Newsom announces plan to crack down on deadly street drug known as ‘tranq’

(Associated Press)

Newsom announces plan to crack down on deadly street drug known as ‘tranq’

California politics, homepage news

Anabel Sosa

November 29, 2023

Amid a growing drug overdose crisis and a debate over how the state should respond, Governor Gavin Newsom announced Tuesday that he will support legislation to increase penalties for trafficking in xylazine, the deadly and meat-

rotting food

animal tranquilizer drug known as ‘tranq’.

Newsom administration officials provided few details about what the bill might entail, other than saying it would classify xylazine as a controlled substance and increase criminal penalties for illegal trafficking of the drug. Veterinary use would still be permitted.

Tranq poses a unique and devastating challenge in our fight against the overdose epidemic,” Newsom said in a statement. “While California is not yet experiencing tranq to the same extent as other parts of the country, this legislation will help the state stay ahead of the curve and clamp down on dealers and traffickers as we work to provide treatment and resources to those struggling with addiction and substance abuse.

Xylazine is a non-opiate sedative and muscle relaxant approved for veterinary use only, but the drug can be mixed with fentanyl and is increasingly being found in a growing number of overdose deaths in California and across the country. Like fentanyl, xylazine is addictive and potentially fatal, and can also cause painful sores on the skin.

Newsom rarely sponsors bills but said the action is necessary to address the growing drug epidemic that has contributed to thousands of deaths in California each year. Between January and August, there were 19 accidental overdose deaths involving xylazine in San Francisco alone


according to overdose data published by the city.

Civil liberties groups have successfully thwarted similar measures against fentanyl in recent years, arguing that increased criminal penalties for dealers would only lead to a revival of the failed war on drugs and ultimately refill prisons.

“While we understand that this legislation should target those who ‘traffick’ the drug xylazine, we have seen throughout history that these laws often result in low-level criminalization of dealers and users,” said Jeronimo Aguilar , policy analyst at Legal Services. Prisoners with Children said this in a statement.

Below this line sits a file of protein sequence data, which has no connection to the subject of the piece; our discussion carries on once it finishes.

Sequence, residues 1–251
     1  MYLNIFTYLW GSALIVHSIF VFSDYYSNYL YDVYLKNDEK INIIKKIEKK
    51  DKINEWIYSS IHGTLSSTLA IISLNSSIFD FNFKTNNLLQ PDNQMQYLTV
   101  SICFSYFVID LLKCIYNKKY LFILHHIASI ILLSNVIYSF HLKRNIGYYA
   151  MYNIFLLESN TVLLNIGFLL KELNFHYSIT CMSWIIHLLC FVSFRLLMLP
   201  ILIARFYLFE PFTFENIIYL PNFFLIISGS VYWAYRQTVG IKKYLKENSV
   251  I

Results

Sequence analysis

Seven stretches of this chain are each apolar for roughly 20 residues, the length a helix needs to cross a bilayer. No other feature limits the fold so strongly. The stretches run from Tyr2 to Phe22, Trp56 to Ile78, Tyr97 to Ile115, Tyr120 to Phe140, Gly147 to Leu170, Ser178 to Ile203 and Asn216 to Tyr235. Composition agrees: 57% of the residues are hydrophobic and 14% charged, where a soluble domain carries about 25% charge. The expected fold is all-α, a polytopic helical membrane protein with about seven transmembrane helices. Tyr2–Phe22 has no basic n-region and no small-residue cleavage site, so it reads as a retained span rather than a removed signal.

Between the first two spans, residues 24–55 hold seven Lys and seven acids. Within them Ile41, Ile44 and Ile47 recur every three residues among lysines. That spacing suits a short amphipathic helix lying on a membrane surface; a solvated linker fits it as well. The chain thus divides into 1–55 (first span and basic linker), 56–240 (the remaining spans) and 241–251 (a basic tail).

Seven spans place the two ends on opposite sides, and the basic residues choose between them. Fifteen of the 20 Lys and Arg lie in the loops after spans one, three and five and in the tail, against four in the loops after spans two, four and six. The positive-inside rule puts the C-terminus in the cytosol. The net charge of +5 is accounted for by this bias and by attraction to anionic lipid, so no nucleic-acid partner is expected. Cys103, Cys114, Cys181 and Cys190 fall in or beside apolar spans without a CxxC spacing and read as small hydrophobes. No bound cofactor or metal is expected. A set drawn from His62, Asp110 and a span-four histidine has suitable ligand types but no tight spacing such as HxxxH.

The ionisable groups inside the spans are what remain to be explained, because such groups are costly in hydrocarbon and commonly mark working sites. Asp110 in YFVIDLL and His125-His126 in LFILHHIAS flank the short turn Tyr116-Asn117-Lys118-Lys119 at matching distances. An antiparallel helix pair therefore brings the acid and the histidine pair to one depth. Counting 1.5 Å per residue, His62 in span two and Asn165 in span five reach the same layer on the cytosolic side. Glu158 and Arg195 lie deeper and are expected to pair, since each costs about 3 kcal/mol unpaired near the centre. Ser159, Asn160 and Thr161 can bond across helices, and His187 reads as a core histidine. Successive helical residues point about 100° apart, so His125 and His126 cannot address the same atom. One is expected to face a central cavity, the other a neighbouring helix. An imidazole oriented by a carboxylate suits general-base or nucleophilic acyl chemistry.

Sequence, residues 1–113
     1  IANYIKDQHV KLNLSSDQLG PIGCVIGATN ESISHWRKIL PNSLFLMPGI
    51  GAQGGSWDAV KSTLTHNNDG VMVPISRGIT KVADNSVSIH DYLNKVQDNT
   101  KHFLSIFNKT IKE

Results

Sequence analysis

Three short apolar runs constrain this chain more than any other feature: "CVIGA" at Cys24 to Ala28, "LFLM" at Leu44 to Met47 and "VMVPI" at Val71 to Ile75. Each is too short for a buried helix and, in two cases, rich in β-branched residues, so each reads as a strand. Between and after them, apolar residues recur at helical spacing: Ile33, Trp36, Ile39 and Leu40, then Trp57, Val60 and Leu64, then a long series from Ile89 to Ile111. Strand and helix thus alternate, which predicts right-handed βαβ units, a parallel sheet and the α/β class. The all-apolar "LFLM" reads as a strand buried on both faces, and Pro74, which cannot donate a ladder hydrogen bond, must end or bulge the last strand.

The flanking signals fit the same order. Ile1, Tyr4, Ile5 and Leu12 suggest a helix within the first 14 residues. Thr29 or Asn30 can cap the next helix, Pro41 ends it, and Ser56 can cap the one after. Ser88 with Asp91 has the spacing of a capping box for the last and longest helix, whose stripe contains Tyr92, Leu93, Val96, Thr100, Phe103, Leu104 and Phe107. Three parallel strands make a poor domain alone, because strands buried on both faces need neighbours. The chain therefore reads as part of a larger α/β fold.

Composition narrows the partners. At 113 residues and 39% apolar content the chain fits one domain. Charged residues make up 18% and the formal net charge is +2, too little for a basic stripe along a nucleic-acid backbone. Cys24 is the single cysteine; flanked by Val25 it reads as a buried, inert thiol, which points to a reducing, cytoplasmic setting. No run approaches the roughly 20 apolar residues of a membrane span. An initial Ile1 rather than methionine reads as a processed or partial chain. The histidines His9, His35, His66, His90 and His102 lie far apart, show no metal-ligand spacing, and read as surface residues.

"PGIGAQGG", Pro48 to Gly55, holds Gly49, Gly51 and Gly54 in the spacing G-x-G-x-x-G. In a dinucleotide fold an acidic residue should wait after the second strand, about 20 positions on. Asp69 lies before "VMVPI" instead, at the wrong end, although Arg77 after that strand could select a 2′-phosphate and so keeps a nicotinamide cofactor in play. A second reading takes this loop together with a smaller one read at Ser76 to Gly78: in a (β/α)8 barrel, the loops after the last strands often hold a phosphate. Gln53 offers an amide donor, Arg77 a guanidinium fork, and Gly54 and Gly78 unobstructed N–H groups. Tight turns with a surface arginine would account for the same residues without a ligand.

Newsom’s proposal did not include details on how drug trafficking would be addressed.

“The Governor and his staff are working closely with the Legislature and stakeholders to refine what penalties should look like to prevent the illegal use of narcotics. [California]said Brandon Richards, a spokesman for Newsom. “We will have more to share as those conversations progress and the legislative session gets underway.”

Newsom has signed several fentanyl bills into law this year. Other bills, including measures backed by Republicans and moderate Democrats calling for tougher penalties for drug trafficking, failed to pass the Legislature.

“I wish this happened a while ago when we were pushing legislation regarding fentanyl,” Assemblymember Joe Patterson (R-Rocklin) told The Times. “Nevertheless, it is a positive thing to see progress in mixing another drug with fentanyl and killing our children and adults.”

Patterson sits on the Select Committee on Fentanyl, Opioid Addiction, and Overdose Prevention and made his own attempt at fentanyl legislation last year, but did not get enough votes in the Assembly Public Safety Committee.

Senator Tom Umberg (D-Orange)


said he is “pleased” with the governor’s announcement. Umberg sponsored his own fentanyl bill last year, but it was voted down by his fellow lawmakers.

Umberg said that while he is focused on fentanyl, he also supports comprehensive legislation that takes into account preventive treatments in addition to law enforcement.

Newsom’s office also announced that the California Department of Public Health had sent a letter notifying facilities and physicians of the rise of xylazine and what actions they should take to protect patients. The California State Board of Pharmacy and the California Veterinary Medical Board have warned practitioners about the drug’s dangers.


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